We discovered a new plant, known as kuzu or Kudzu, belonging to traditional Chinese medicine. It has usually been used in ancient times for a multitude of stomach ailments. However, today it has been analyzed in several clinical trials for its content in insoflavones, earning the interest of the scientific community.
Our interest has been to gather these main contrasted effects and show them to you in this article.
Let’s analyze the nutritional properties offered by kuzu, its medicinal effects (based on the active ingredients) and some documented contraindications. Finally, we leave you the option of being able to buy it and the recommended doses to achieve its potential effect.
As a curiosity, the entrance of kuzu (Pueraria lobata) in the Western world was through the United States, in 1876. It was used as herbaceous to reduce the erosion of soils that were exposed and subjected to the action of the wind, as today the mustard plant is used, among others.
What is kuzu?
The kuzu or kudzu is a herbaceous species with dark green leaves and emits violet flowers. Its scientific name is Pueraria montana var. lobata and belongs to the Fabaceae family (Fabaceae).
This characteristic plant family has the ability to associate with microorganisms that fix atmospheric nitrogen, an interesting quality to improve the characteristics of a soil.
The Fabaceae family has well-known members such as lentils, soybeans, beans, etc.
The root of the plant has interesting properties for gastronomy and is widely used in Japan.
Properties of kuzu
Nutritionally kuzu has a very good valuation in Japanese cuisine, where it is taken in combination with Umeboshi, a pickled fruit.
However, something that has aroused the interest of the scientific community is its content in isoflavones such as puerarina.
Clinical trials grant it antioxidant, anti-inflammatory properties (due to the presence of daidzein and daidzine).
Some of its compounds have activity on neurotransmitters and, specifically, on serotonin and glutamate, so it opens a range of interesting research to fight against diseases of cognitive degeneration, such as Alzheimer’s.
1. Antioxidant activity against metabolic syndrome
The metabolic syndrome is a set of conditions of the cardiorespiratory system and type 2 diabetes. Cause high blood pressure, accumulation of triglycerides and high blood glucose levels, among other physiopathies.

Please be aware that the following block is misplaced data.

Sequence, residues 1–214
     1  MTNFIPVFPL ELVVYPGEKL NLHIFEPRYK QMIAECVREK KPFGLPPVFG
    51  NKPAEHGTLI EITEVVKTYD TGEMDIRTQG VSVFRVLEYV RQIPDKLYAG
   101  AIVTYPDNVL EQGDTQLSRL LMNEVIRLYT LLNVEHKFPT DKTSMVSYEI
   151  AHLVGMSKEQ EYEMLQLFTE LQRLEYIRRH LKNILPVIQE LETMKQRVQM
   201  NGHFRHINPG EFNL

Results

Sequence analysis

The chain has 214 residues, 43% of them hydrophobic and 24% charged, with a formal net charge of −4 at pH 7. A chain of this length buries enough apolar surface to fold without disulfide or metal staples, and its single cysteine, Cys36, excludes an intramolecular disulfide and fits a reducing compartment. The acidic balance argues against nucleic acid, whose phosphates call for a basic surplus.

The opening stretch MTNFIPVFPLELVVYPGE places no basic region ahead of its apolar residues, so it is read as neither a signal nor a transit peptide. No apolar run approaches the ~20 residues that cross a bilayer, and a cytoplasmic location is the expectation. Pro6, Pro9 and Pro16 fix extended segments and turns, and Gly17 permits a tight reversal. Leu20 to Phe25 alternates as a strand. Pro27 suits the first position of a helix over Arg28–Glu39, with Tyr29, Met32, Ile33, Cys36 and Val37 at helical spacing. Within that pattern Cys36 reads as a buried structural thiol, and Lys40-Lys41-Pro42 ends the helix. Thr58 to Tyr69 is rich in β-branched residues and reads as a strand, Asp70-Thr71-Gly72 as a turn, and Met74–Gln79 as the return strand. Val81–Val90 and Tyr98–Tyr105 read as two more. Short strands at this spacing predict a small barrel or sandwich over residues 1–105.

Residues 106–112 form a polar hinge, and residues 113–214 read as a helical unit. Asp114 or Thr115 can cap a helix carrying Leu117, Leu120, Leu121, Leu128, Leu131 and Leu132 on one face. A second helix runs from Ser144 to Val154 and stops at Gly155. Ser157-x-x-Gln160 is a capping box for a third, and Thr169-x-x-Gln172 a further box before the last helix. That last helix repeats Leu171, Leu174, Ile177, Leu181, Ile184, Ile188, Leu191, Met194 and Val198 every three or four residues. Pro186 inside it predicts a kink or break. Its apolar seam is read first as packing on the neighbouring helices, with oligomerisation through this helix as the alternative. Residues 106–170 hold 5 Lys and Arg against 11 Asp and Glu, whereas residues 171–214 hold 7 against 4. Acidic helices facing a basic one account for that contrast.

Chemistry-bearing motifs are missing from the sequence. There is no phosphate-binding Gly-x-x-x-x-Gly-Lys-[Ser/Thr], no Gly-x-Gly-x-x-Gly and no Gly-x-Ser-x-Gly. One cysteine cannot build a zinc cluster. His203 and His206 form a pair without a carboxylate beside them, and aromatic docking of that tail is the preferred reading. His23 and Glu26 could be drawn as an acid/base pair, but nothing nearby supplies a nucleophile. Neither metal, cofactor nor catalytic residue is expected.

Clinical studies have linked the increase in isoflavone consumption with the reduction of the symptoms of the metabolic syndrome, favoring the increase of good cholesterol (HDL), combating high blood pressure and balancing insulin levels in the blood.
However, being a disease that is the source of many variables and different conditions, more scientific research is needed to find serious conclusions.
2. May relieve menopausal symptoms
The symptoms of menopause, including hot flashes and hot flashes, can be relieved with the increase in isoflavones of plant origin in our body. These substances have a chemical structure similar to estrogens, acting as an antioxidant and reducing the effects of menopause.
Without becoming estrogens Properly speaking, some polyphenols present in kuzu have mild phytoestrogenic capacity, and as selective modulators of estrogen receptors.
3. Can regulate glucose levels
The first clinical trials have obtained positive results from isoflavonoids and triterpenoids, such as puerarin, which accounts for 60% of the total of these substances in the kuzu root.
Most of the medical studies and endocrinology trials have been done from puerarin, obtaining interesting benefits in complications from type II diabetes.
However, further studies are required to define active phytochemical compositions, quality standards and clinical efficacy.
4. Kuzu root as a treatment for alcoholism
The trend line of products for the treatment of alcoholism tend to use plant derivatives with very small side effects and with protective activity of the liver.
Several of these vegetables have been analyzed, finding a positive response in the kudzu roots.
The antioxidant compounds present in this plant, such as puerarin, daidzin, daidzein or analogues have been shown to be effective in the chronic treatment of alcoholism.
However, conclusive results of its effect have not yet been obtained nor are the mechanisms of action on alcohol intake fully understood.
It seems that these compounds have an effect on the modulation of several neural systems involved in the behavior towards alcohol.
5. Reduces inflammation
The daidzine and daidzein are compounds present in the root of kuzu with anti-inflammatory activity.
According to medical research, they are used due to their activity as carriers of signals and defense responses to pathogenic attacks. [See more information]
How to take Kuzu
To use kuzu medicinal purposes, the most comfortable way is to dissolve a tablespoon of coffee from the root extract in a glass of hot water (but without boiling). It moves vigorously until it forms a slightly thick texture and is taken.
It is used in the gastronomy of many countries such as sauce thickener, smoothies or soups. With this extract you get sauces of translucent and shiny appearance, a soft texture and does not provide any characteristic flavor.
In pastry, can be used in the manufacture of jams because of its thickening nature. To use it in this way we need dilute it in cold water, before I warm up
You should also buy in tablets they have pure root extract and natural preservatives.
Clinical studies have revealed the accumulation of a substance known as acetaldehyde which can be harmful to health in significant amounts. Therefore, it is not advisable to take it as a hangover remedy, since there is already an intoxication of this substance.
Due to its estrogenic activity, its consumption is not advised in people sensitive to hormones. Likewise, its consumption in pregnancy and lactation is discouraged.